MILAN – L’Oréal Italia and the Italian National Commission for UNESCO recognized five young women from across Italy for their contributions to scientific research, awarding each with a 15,000-euro scholarship, worth about $17,000 at current exchange.
The winners were Micol Bellucci (Biology); Sarah D’Alessandro (Biotechnology); Maria Gnarra (Medicine and Surgery); Nadia Pieretti (Natural Sciences) and Nicoletta Protti (Physical Sciences). A jury led by oncologist Umberto Veronesi selected the promising young scientists from a pool of 360 candidates, as part of the 13th annual Women in Science awards organized by L’Oréal Italia and UNESCO; to date, 65 women in Italy have received prizes as part of the initiative.
“We are pleased to recognize these five women who each day dedicate their time and passion to science, and who, thanks to this scholarship, will be able to pursue their scientific careers and take crucial steps forward, contributing to better the lives of us all,” said Cristina Scocchia, chief executive officer of L’Oréal Italia. She noted that rising in the ranks remains challenging for women who are scientists in Italy, where men lead more than 83 percent of research institutes and departments.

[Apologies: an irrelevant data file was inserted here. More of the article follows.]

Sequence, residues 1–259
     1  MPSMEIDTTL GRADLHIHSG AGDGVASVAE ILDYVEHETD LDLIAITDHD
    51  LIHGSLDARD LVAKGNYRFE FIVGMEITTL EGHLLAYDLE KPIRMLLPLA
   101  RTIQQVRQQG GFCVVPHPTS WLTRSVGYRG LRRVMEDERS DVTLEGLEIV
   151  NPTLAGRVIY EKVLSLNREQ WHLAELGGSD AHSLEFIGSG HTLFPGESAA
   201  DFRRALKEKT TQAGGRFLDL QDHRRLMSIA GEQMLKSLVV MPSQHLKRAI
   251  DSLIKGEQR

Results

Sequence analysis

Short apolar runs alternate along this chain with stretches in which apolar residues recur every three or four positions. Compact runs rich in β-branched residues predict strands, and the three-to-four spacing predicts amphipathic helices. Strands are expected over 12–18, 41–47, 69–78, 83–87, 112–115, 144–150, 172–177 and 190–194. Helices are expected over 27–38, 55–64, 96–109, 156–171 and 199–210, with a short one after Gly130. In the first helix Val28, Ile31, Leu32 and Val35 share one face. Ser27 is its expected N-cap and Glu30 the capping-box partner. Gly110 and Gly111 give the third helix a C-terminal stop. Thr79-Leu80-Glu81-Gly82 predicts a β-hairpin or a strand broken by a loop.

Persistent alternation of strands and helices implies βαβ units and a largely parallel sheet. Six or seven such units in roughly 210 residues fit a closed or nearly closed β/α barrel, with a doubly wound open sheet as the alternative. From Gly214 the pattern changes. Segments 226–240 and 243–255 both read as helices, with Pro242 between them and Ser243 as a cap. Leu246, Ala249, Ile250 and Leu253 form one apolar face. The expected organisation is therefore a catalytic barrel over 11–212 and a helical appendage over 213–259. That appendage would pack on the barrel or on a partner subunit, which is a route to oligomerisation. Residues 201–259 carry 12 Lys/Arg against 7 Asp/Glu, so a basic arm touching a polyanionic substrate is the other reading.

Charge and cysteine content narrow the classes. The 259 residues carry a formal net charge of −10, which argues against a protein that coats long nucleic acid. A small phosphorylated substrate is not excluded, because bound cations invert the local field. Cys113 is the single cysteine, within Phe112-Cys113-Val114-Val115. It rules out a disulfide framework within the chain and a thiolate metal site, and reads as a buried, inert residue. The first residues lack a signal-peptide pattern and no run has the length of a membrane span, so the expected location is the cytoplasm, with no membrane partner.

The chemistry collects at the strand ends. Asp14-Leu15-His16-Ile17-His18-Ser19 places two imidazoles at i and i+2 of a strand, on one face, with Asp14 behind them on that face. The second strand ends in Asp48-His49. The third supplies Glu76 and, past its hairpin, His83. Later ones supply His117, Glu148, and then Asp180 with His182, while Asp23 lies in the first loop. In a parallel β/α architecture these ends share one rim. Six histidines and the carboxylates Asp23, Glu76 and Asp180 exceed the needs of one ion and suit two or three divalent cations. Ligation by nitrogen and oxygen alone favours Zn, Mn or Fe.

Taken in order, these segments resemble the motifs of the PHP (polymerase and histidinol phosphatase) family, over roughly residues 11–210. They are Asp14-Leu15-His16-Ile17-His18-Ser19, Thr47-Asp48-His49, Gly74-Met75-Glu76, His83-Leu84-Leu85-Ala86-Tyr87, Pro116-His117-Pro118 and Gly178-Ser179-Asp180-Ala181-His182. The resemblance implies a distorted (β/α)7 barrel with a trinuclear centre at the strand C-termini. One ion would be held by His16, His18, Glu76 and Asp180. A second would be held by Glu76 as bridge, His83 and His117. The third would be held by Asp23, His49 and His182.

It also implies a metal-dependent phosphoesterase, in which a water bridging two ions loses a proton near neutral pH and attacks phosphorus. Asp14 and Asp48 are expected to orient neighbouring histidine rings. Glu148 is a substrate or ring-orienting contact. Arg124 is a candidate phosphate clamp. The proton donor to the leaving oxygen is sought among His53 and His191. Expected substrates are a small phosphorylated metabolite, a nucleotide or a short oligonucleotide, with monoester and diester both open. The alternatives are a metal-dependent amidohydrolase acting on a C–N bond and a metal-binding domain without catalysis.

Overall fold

“These data prove that L’Oréal and UNESCO’s efforts [to promote] gender equality in science are still necessary. And we’ll keep working on this until better results are achieved,” she said.
Giovanni Puglisi, dean of the International University of Languages and Media and president of the Italian National Commission for UNESCO, expressed hope that the winners would inspire other young women in science.
“We trust that the time is near when a different kind of science will emerge, one that embraces diversity and takes on the world’s most pressing ethical challenges without fear,” he said. “Starting with young female researchers is both an investment and a message: an investment in Italian intelligence, and a message for those who still believe in the strength of reason.”
Worldwide, the L’Oréal and UNESCO For Women in Science program has supported more than 2,250 women in more than 110 countries.